The software and services that Apple needs to fix

“Many of us have been grumbling quite publicly since iOS 7 and Mavericks shipped that the fit and finish we expect either on release or shortly afterwards for Mac OS X and iOS has slipped,” Glenn Fleishman blogs. “That we spent a lot of time dealing with bugs or, if we write about Apple, teaching people how to avoid them or work around them. That software and OS problems, once they occur, are rarely fixed in part or full; features we need are removed rather than matured; and new features are added that aren’t fully baked.”

“To my recollection, Mac OS X 10.6.3 through 10.8 provided stability and new features, and they just mostly worked, as did most of the software released by Apple during that period for OS X. iOS is a different beast, in which people spend a lot of time in third-party apps. But even so, iOS 5 and 6 are, to my memory, more stable and reliable versions than iOS 7 and 8,” Fleishman writes. “Even while it leaps forward with features in its operating systems, Apple has a huge installed base it drags with it. And even if, for instance, iTunes has been a terrible mishmash for a decade, the fact that it continues to be one with a major new release in 2015 is beyond the pale: Apple should be learning, not starting over and re-inventing when it comes to stability and experience. They can evolve to add Continuity and fix iPhoto, for instance; or ensure that months after release, its flagship Handoff feature works reliably.”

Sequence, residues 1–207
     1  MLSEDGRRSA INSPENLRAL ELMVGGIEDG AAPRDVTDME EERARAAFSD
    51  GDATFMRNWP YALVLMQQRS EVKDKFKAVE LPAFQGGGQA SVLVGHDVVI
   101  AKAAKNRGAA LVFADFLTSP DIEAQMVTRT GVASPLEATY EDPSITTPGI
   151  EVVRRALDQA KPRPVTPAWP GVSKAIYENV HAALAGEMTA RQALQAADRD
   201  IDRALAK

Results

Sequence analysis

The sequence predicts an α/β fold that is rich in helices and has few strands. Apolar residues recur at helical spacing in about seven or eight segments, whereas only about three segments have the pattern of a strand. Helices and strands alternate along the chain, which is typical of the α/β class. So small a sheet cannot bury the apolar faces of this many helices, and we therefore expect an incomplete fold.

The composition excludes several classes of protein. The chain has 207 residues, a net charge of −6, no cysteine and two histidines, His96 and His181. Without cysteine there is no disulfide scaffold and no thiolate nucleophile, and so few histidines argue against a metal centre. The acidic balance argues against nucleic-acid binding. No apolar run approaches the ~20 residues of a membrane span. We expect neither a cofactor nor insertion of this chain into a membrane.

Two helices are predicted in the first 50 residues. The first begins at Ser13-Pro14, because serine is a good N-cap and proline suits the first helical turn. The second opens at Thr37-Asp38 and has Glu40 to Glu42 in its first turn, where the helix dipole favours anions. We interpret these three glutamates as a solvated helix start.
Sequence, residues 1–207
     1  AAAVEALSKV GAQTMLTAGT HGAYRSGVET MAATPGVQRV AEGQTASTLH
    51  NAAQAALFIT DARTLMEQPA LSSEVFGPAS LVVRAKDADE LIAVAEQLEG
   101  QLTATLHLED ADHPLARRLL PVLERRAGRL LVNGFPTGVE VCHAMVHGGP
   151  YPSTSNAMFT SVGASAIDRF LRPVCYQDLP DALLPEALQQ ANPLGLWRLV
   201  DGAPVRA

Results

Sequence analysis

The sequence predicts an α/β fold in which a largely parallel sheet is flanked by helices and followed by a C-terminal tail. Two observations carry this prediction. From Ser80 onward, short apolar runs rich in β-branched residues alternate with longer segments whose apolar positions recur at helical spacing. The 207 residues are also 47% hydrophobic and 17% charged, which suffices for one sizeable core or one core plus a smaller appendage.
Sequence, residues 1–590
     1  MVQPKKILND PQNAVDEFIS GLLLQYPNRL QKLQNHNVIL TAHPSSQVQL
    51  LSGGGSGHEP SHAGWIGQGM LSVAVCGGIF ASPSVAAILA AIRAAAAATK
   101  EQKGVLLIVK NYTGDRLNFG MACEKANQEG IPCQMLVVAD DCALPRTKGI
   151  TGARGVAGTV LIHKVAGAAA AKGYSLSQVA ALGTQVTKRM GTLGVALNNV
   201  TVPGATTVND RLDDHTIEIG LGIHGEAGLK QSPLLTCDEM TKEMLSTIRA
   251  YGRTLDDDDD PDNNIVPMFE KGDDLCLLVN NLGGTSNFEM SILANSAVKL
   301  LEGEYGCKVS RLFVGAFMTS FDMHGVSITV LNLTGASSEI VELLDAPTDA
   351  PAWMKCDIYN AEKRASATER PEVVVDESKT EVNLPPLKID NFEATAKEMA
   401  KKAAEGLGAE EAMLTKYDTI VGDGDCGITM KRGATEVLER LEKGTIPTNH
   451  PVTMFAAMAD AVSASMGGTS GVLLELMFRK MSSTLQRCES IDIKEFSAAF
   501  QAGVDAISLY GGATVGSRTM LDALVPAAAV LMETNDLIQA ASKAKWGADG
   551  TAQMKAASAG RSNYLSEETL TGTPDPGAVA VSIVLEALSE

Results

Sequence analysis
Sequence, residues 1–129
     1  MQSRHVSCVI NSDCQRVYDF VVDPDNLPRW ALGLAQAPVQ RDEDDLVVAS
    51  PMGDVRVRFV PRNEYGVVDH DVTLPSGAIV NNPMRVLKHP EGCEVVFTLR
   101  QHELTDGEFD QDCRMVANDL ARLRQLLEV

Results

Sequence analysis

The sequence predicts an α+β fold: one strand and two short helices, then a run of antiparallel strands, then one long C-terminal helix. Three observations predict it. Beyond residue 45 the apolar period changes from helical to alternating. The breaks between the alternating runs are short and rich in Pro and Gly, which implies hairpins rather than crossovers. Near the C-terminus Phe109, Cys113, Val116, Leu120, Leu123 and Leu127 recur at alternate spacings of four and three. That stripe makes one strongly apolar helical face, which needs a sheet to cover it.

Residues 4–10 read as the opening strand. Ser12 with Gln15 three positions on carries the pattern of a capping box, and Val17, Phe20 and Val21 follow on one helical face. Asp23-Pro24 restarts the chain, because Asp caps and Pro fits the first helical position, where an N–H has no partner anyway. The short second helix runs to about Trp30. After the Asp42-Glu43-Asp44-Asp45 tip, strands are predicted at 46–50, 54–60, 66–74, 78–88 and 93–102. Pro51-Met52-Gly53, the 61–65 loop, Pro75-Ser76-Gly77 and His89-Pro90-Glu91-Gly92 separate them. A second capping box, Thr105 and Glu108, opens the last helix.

“Part of what makes these sorts of statements reasonable, though, is to enumerate the problems, whether they’re long-running or unique to Yosemite or iOS 8 (or to the last two releases of each system),” Fleishman writes. “Here’s a list of regularly recurring issues or fundamental problems…”

The full list of software and services that Apple needs to fix here.

[Thanks to MacDailyNews Reader “Old Tech” for the heads up.]

Related article:
Open letter to Tim Cook: Apple needs to do better – January 5, 2015

42 Comments

    1. Someone’s comment from the article that I liked:

      “Apple’s MO the past few years seems to be to introduce a great-sounding new idea, implement it 70%, then forget about it and move on, leaving its users with a host of these semi-functional buggy features.”

      1. “Apple’s MO the past few years” … also includes hoarding $164 billion in cash while refusing to solve those issues … they just can’t decide what to do with it all … and the Mac community cheers them on?